During the interwar years of the 1920/1930s there was great advancement in aerodynamics and the power and sophistication of aero engines which took away the similarity between British, American, Russian, Italian, Japanese and German aircraft.
Following a few decades of peace but with the dark clouds of war gathering again Britain decided it needed to improve its aerial fighting ability and stand down the aging biplane fighters and bombers. We now needed to take advantage of the improvements made in mono-wing aircraft design by our own innovative engineers and take a look at those of the potential enemy.
As the war progressed, in late 1941, the RAF decided to set up 1426 Flight comprising of captured German aircraft to assist military personnel in recognition, to study the aircraft under operational conditions and to enact mock battles to explore their capabilities against our aircraft. The RAE facilities at Farnborough were utilised for the flight testing of German and Italian aircraft during these early war years.
In slightly over the 3 years the Flight was in existence, maintenance difficulties; due to the lack of spares and technical workshop manual details was a big problem. Tools and equipment had to be modified or specially made from scratch and all engine and airframe spares had to be salvaged from crashed and unserviceable aircraft or manufactured using these parts as templates. They were also faced with assembling aircraft that had never previously been seen in Great Britain and about which little or nothing was known from a maintenance or airframe point of view.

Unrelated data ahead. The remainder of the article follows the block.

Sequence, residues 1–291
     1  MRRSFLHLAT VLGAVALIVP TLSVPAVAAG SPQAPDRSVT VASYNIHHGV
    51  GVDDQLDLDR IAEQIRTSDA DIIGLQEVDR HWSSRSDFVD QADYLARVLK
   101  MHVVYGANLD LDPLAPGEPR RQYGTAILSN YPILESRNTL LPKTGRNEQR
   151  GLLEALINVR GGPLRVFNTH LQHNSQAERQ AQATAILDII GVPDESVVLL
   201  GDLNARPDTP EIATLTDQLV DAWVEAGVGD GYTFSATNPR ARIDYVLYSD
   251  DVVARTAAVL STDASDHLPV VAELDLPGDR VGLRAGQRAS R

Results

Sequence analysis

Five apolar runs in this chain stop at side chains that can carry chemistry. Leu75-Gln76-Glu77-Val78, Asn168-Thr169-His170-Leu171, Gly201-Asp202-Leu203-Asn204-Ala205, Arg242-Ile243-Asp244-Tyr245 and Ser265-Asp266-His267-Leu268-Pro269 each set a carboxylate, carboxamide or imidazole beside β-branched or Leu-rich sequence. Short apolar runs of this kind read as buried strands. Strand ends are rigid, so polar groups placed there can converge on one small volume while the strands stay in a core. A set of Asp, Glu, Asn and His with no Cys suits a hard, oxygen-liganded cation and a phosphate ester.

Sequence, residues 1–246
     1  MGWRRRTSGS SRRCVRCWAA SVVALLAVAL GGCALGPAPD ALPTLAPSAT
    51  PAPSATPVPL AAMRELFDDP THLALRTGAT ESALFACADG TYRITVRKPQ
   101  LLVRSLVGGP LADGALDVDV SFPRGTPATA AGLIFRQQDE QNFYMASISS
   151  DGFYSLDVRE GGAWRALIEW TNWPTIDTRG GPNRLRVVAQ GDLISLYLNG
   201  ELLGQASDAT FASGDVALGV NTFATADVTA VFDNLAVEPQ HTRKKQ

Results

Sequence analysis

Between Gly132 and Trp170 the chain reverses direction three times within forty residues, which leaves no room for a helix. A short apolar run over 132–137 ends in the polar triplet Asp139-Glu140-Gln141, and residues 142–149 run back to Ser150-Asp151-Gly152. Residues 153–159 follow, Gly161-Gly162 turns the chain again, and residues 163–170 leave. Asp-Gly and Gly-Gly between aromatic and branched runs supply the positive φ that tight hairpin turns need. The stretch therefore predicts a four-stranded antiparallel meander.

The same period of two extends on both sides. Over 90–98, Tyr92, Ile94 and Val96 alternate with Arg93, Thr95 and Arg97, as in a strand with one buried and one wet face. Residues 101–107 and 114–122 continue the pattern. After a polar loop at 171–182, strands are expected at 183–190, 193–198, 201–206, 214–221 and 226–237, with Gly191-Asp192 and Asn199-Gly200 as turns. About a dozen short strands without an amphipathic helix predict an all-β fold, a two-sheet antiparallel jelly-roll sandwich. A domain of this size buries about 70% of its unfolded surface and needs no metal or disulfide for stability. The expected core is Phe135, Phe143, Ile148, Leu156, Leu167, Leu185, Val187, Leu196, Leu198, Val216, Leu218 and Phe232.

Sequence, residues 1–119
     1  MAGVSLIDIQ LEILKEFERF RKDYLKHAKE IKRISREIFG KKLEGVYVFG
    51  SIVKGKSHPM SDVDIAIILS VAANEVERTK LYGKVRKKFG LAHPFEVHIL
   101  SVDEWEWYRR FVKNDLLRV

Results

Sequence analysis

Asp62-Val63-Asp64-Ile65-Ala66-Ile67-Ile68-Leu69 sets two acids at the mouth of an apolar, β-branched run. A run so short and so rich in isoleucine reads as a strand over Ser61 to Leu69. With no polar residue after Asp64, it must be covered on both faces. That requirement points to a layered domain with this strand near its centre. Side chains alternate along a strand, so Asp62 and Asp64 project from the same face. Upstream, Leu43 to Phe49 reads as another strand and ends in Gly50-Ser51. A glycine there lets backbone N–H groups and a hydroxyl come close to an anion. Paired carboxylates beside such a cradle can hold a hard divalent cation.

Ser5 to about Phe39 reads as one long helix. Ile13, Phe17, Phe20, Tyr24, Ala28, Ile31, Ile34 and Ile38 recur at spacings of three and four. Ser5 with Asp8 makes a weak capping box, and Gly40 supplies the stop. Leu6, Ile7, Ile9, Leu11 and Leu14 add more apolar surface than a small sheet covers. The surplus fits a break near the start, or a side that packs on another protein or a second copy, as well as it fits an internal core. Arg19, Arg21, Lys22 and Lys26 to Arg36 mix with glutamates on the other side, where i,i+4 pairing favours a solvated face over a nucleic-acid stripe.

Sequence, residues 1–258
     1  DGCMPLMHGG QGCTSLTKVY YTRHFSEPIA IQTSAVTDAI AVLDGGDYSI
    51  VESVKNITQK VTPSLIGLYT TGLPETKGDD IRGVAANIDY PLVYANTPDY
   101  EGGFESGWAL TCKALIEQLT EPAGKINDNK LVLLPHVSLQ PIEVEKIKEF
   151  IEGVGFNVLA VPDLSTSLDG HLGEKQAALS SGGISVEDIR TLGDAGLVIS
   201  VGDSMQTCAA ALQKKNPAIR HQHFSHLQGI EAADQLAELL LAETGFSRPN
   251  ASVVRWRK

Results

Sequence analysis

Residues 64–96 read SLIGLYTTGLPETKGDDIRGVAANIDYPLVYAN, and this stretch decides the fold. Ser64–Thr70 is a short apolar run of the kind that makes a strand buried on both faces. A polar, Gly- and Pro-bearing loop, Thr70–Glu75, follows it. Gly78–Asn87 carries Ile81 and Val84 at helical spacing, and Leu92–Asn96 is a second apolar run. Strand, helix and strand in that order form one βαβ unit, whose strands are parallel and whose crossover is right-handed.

The following then is the brief history of No. 1426 (EAC) Flight, nicknamed the “Rafwaffe”. Many crash-landed airframes were brought to Farnborough for examination, testing and cannibalisation of useable spare parts to keep test aircraft in serviceable condition. The main flight testing work was carried out by the Aerodynamics Flight of the Experimental Flying Department and the Wireless & Electrical Flight (W&EF), the latter responsible for evaluation and examination of radar-equipped aircraft later in the war. The unit was established on the 21st November 1941 at RAF Duxford, and made up of a small group of pilots F/O Forbes, F/O Kinder, P/O Lewendon and F/Sgt Gough who had previously been maintenance test pilots with No. 41 Group RAF. Attached at first to 12 Group and were posted from AFDU (Air Fighting Development Unit) to which they had been attached for a mere eleven days to gain some basic flying experience on German aircraft. Its mission was to demonstrate captured types to Allied personnel and expose them to "the appearance, performance, and even the engine “sound" of hostile types.